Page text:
Like many people, whenever I read a newspaper or magazine I instantly notice the misteaks, grammar and spelling. (You saw that, didn’t you!) I am not trying to find errors, but they leap off the page at me! My usual reaction is to criticise the writer – “Why don’t they use *spell check* or hire a*proofreader*?
It’s easy to find fault in things – too easy for most of us. Somehow, the flaws are more easy to see than the bigger picture. What you don’t see is the amount of work, afterthought and preparation that has gone into a particular piece of work.
The dictionary defines a faultfinder as: a person who criticizes someone or something often in a way that is not fair or reasonable. Faultfinders can be fickle, they pride themselves on how well they can spot imperfections, rather than affirmations. It requires no thought, no consideration, no character, no talent to be a faultfinder.
Many of us carry this tendency to extremes. Many people feel that they need to tell people of every little fault they find in every little situation. They feel that they are doing people great favors by pointing out what they see as flaws. And when they do so, they risk hurting people greatly.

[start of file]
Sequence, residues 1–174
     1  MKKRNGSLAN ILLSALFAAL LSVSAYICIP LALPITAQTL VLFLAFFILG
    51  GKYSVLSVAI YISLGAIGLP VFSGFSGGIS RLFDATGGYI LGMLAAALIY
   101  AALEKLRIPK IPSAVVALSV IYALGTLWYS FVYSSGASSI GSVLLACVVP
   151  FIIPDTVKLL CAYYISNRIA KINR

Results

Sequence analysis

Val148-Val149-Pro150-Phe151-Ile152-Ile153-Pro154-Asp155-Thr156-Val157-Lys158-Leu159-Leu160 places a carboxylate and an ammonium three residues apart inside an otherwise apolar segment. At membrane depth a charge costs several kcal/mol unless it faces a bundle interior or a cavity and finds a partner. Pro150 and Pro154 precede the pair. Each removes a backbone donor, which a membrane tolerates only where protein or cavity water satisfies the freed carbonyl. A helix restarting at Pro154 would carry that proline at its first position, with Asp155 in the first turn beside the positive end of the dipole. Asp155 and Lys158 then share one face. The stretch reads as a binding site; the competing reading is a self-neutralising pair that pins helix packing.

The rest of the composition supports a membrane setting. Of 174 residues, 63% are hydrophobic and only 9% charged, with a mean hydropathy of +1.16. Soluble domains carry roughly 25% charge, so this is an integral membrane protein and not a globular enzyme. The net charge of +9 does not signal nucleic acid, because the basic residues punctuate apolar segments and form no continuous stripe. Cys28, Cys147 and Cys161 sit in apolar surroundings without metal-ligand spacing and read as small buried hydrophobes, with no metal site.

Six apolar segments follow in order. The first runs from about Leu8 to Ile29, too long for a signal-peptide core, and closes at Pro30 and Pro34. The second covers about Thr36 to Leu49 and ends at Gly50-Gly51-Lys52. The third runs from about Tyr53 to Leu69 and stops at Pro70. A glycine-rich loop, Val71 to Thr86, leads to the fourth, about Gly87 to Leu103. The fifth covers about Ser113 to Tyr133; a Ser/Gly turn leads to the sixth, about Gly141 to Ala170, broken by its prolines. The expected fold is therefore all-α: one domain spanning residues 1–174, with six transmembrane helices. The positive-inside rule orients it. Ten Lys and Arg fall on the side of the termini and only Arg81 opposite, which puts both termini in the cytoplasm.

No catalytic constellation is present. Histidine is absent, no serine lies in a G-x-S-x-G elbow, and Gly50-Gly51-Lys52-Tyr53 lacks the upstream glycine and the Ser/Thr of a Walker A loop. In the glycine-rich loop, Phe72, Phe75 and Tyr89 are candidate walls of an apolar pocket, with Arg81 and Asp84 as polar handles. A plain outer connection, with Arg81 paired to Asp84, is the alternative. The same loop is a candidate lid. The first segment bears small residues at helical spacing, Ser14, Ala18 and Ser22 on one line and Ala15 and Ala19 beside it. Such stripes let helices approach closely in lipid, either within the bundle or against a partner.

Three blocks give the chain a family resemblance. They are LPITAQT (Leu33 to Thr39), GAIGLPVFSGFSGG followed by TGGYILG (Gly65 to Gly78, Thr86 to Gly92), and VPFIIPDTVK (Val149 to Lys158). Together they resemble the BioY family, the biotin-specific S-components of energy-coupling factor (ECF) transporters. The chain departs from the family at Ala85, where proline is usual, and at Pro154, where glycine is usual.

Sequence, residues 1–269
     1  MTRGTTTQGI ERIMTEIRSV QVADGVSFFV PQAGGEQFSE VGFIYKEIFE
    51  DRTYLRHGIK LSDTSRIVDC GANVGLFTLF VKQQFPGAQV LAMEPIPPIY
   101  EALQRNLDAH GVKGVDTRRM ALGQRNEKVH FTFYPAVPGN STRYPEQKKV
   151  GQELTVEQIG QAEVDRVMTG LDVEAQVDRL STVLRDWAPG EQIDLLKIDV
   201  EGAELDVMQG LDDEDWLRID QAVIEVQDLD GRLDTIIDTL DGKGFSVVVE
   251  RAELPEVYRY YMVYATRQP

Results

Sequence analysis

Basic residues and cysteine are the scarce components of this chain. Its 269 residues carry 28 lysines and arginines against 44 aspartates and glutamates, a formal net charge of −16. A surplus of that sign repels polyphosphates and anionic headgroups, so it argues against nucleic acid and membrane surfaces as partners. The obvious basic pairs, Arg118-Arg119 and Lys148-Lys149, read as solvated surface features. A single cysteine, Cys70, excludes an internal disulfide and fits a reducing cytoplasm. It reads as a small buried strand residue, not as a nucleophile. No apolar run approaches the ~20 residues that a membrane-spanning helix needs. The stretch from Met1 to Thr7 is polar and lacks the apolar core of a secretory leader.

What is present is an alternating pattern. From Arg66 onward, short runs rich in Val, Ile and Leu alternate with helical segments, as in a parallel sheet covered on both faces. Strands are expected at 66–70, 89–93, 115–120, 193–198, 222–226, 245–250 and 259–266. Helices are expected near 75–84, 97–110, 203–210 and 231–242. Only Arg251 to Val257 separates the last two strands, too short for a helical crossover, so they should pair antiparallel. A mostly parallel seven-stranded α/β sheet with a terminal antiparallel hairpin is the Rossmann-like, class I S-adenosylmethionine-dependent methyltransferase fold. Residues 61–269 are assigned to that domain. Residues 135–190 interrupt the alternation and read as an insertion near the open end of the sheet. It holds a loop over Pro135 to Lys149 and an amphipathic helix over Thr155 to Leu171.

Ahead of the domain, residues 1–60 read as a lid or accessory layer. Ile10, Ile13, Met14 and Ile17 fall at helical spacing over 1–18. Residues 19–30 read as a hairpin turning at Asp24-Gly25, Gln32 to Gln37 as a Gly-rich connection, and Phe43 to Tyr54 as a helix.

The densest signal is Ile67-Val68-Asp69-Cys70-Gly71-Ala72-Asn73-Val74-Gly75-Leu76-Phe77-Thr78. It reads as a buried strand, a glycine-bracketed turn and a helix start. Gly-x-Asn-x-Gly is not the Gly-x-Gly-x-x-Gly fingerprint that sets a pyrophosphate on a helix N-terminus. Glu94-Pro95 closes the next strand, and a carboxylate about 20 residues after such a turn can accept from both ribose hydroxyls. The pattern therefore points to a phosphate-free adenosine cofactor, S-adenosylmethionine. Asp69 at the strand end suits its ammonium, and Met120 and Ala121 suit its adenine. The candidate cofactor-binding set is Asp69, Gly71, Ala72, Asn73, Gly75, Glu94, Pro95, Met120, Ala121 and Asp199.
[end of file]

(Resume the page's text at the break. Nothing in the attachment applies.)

According to Phillipians 1:9 “And this I pray, that our love may abound still more and more in knowledge and all discernment.” Rather than cultivating a critical spirit and pretending we don’t notice, or don’t care, we should show empathy.
Remember the bible does not promise peace to those, who dwell on the fault of others! It does say however that the Lord will keep them in peace, whose mind are stayed on him! (Isaiah:26.3)
“How will you use the years God gives you? Will you be remembered for being a fault-finder? Or will you be known for your quick smile, the laugh lines around your eyes, and the twinkle deep within? After all, God gives you your face, but you provide the expression!” ~ Barbara Johnson
Don’t find a fault, find a remedy.😉